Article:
New Delhi, 23 May 2014: FICCI welcomes the RBI’s move to relax the import curbs on Gold by allowing some large private gold importers i.e. star and premier trading houses, to import the yellow metal, although, within 20:80 scheme. This move will help in reduction of gold prices in the domestic market and will also help in reviving the growth of the industry slowly. Since last one year the growth of Indian Gems & Jewellery sector has been quite negatively impacted due to various restrictions imposed on gold imports. Whilst the move was to reduce the widening CAD, it had severely affected the industry and key macroeconomic variables attached with it like employment in the sector and exports. RBI has established its autonomous decision making authority by taking this step.
‘Moreover now, with the stable and reduced CAD position, FICCI expects that the new Government will bring in further reforms in gold import policy to stimulate the growth of this high export earner sector of India. Jeweler community is positive about this development and would want the new government to take steps which would enhance the trust and relationship amongst all the stakeholders in this sector’, said Mr Sidharth Birla, President FICCI
The recent step of RBI to allow star/premier trading houses to import Gold, albeit, under 20:80 scheme is a much welcome move. Further, RBI also permits banks to give gold metal loans to domestic jewellery manufacturers from domestic import quota. Industry is appreciative of these positive developments and is hopeful that the prices of gold will reduce in domestic market in near term.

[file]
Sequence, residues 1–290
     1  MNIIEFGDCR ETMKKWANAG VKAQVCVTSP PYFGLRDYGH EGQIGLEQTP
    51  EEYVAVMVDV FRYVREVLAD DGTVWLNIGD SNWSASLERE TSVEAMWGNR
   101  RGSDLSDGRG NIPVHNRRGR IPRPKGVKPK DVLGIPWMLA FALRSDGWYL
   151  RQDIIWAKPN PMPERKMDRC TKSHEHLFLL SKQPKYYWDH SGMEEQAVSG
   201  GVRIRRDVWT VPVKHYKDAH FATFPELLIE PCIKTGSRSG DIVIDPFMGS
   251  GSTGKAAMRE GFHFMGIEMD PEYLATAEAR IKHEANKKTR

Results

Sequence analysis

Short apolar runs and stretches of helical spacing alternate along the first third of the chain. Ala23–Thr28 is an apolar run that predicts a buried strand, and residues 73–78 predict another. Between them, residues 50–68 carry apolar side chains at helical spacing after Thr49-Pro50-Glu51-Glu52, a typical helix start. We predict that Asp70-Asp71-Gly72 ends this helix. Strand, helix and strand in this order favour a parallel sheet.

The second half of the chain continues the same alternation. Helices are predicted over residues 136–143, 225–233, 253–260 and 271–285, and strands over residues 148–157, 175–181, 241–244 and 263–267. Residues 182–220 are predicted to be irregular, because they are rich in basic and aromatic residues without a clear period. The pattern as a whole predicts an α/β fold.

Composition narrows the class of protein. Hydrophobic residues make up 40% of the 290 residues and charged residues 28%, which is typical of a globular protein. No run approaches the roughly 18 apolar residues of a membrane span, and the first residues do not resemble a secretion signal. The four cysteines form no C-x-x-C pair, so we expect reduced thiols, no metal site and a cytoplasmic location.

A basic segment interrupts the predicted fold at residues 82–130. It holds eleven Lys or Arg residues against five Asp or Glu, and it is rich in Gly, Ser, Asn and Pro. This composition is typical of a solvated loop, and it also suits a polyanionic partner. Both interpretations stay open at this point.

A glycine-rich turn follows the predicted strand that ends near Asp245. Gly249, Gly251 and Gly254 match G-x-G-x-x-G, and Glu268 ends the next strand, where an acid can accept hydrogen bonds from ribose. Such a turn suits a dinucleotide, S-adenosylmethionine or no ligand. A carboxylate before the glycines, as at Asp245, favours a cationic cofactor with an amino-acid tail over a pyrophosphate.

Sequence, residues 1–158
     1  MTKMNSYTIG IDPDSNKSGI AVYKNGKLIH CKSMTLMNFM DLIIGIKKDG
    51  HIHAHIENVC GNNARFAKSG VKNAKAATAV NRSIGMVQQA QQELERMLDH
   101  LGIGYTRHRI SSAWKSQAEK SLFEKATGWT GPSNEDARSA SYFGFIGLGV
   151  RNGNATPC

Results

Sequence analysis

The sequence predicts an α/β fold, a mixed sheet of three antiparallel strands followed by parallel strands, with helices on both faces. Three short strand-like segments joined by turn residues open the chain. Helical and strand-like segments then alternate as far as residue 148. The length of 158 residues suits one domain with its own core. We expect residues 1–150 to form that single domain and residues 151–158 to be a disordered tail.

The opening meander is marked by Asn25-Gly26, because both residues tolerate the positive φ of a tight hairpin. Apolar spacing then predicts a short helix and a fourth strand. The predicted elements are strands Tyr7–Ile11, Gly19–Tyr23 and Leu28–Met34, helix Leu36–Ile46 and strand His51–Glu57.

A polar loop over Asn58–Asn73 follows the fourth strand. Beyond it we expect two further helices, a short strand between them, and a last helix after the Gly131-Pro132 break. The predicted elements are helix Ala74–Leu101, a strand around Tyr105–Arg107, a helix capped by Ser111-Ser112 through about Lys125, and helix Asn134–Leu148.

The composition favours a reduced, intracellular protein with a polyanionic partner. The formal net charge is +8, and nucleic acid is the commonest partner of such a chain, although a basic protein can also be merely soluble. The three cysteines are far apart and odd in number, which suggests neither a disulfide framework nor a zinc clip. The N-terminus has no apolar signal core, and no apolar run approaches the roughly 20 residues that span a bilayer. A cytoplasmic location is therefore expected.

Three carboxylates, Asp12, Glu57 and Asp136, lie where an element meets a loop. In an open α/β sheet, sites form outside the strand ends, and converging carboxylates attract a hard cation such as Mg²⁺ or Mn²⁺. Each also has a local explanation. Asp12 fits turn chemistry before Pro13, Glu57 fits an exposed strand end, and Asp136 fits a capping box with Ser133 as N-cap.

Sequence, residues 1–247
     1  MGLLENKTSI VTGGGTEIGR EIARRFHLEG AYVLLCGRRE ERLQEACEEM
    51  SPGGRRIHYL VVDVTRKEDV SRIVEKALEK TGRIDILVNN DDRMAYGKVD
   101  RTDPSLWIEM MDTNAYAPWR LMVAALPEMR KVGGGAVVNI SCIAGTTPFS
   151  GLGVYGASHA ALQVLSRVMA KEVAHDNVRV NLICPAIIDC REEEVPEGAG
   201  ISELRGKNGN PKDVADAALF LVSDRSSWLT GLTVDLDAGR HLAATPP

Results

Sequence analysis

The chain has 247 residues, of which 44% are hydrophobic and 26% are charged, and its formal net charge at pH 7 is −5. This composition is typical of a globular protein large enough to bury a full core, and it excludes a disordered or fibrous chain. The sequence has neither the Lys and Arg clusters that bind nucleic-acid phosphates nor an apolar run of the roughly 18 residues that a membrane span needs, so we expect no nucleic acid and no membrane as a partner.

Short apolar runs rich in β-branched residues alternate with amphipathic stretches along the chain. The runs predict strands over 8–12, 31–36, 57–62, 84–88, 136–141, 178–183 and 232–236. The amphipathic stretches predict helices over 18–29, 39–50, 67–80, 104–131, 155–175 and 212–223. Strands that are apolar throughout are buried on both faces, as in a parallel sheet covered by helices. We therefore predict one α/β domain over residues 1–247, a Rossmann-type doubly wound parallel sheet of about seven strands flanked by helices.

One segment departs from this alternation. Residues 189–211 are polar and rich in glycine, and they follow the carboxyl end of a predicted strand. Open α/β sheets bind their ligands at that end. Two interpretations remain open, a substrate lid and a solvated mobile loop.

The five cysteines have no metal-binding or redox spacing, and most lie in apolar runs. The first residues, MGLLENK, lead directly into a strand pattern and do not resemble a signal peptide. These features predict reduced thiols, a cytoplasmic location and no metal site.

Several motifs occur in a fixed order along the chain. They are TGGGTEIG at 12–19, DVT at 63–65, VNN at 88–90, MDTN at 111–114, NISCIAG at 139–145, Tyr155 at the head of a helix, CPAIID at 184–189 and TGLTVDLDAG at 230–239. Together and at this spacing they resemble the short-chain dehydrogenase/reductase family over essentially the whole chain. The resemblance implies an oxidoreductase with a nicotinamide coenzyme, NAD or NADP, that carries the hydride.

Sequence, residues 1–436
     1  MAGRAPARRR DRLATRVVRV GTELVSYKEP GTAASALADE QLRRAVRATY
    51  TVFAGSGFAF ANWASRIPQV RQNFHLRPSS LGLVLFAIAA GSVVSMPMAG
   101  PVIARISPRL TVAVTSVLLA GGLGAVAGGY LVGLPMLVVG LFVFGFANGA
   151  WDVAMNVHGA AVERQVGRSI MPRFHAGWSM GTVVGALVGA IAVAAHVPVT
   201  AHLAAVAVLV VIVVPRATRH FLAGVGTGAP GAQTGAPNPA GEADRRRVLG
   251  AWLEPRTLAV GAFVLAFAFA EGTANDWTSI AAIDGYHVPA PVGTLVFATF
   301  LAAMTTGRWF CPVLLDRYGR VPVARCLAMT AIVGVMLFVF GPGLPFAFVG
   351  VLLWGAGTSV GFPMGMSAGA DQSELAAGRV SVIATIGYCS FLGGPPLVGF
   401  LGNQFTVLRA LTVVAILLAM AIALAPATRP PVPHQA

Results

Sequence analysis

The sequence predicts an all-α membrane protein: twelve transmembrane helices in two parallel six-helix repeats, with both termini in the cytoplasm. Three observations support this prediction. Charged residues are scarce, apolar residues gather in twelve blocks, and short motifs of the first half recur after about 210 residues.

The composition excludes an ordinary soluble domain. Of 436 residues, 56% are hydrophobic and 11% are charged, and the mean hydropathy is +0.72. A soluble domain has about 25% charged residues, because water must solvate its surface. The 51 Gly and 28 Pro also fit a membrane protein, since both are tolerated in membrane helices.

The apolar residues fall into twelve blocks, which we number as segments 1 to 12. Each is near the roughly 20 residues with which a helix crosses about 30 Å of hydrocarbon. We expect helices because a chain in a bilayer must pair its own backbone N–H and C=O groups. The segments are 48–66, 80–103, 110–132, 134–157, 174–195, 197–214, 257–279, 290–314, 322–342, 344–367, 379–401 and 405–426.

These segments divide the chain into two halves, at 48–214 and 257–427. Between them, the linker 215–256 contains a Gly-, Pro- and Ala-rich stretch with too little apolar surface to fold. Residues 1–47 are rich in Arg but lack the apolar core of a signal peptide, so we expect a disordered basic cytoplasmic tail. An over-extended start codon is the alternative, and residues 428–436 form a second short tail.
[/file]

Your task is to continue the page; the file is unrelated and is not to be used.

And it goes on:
Over the past one year, this industry has been severely affected by the number of import restrictions imposed on gold. Government raised the gold import duty last year to 10 percent from 4 percent and also mandated that 20 percent of imported gold be exported, which is known as the 80:20 rule.
‘The policy restrictions imposed on this sector, which were intended to control investment demand of gold has negatively impacted the domestic jewellery production, employment and exports. As per recent reports, Gold jewellery exports from India fell 39.63 per cent to $7.86 billion in the year to March 2014. The curbs also spurred smuggling into India, the world’s biggest buyer, through illegal “hawala” channels, which are informal international networks for remitting money. In my belief Imports of metal should be allowed for a longer tenure and the existing import scheme of 20 : 80 should be done away with; thus helping the sector to reach its true potential’, Mr Mehul Choksi, Chairman FICCI Luxury Lifestyle Gems & Jewellery Forum, Chairman & MD Gitanjali Groups stated.